A recently opened grocery store in Indiana wants to be more than just another place that sells fresh produce. It wants to give residents a place to gather — and provide formerly incarcerated people a second chance.
Indy Fresh Market, which had its grand opening this month, will address food insecurity on the east side of Indianapolis, in an area that previously didn’t have a supermarket for miles. Founder and co-operator Marckus Williams described the area as a food desert where low-income residents struggle to access healthy produce.
“For five or six miles, there was no place to get food anywhere around here unless it was the Family Dollar or gas stations,” Williams explains. The area was once home to Kroger, Walmart and Safeway, but they’ve all closed in the past several years.
“It’s hard out here, and with nothing on the bus line, it’s pretty much impossible to have healthy options for the residents in the community,” he says.
In creating Indy Fresh Market, it was important to Williams for the grocery store to be a second-chance employer — a business that actively hires people with criminal records. He knows how important those second chances are; he was once incarcerated himself.
Indy Fresh Market “was a second chance for me,” Williams says. “For some people, this is their first job.”
About 20 of Indy Fresh Market’s 41 workers are second-chance employees, he says. Working at the grocery store provides them with the opportunity to not only improve their own lives but also leave an impact on a community that desperately needs it.
The full-service, 16,772-square-foot grocery store boasts a wide range of products from national brands to produce from local distributors, he says. According to a study from Indiana University’s Public Policy Institute, the grocery store will bring over $11 million to the community.
And the community has embraced the grocery store, Williams says. “It’s a new staple in the area now,” he says. “You can run into people you haven’t seen in a while, make connections, reconnections, hugs, smiles all inside.”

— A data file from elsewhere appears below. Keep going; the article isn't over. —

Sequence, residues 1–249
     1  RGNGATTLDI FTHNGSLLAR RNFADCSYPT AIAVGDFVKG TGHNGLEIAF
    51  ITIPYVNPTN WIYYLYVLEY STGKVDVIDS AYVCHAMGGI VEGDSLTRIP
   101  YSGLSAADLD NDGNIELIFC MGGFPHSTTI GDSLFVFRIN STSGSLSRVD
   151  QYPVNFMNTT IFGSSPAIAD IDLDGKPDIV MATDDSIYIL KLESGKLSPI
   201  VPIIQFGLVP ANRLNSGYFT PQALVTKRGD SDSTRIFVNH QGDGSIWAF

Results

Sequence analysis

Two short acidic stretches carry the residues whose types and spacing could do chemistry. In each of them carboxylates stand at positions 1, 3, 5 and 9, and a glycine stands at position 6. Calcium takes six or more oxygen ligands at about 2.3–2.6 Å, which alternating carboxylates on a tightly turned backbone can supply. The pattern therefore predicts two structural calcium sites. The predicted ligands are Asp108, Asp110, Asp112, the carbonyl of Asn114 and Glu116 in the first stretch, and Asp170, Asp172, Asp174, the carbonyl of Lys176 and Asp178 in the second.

Williams operates the grocery store alongside co-operator Michael McFarland, another native of Indianapolis. The pair are entrepreneurs with experience in this arena, having previously owned a small convenience store together. The grocery store, which has been in development since 2021, was built by the medical device manufacturer Cook Medical, which built a manufacturing location nearby in partnership with Goodwill Commercial Services after realizing how dire the need for food access was in the neighborhood.
With no specific expertise in food retail, Cook Medical worked with McFarland and Williams, who both went through a multiyear training program to prepare for running Indy Fresh Market. The long-term goal is for the duo to own 100% of the business and real estate through a rent-to-own model.
The store was a true community effort, with organizations like IMPACT Central Indiana, United Northeast Community Development Corporation, and neighborhood and city leaders working together to bring Indy Fresh Market to life. The employees, many of them local, have access to Goodwill’s services, including housing support, legal aid, mental and physical health care, and soft skills training. For some employees, this is their first time seeing this sort of support.
Cameron Barnett is one of those employees. Hired through the grocery store’s second-chance employee program, the Indianapolis native says working at Indy Fresh Market has been a blessing for him as a single father because finding employment has been difficult.
Currently the manager of the grocery store’s meat department, Barnett is excited about the opportunity to grow with Indy Fresh Market.
“It’s always possible to make a change,” says Barnett, who has been working at the grocery store for two months. “Just stay focused on doing what you need to do. God’s gonna put some people in places for you. And when you get that opportunity, take it and run with it.”
Although Indy Fresh Market just opened, Williams already has his eye on expansion. He says he wants to open up grocery stores in nearby cities like Carmel and Greenwood. “We want to keep the Black community and other communities fed,” he says.
“Coming to a neighborhood near you, that’s the goal.”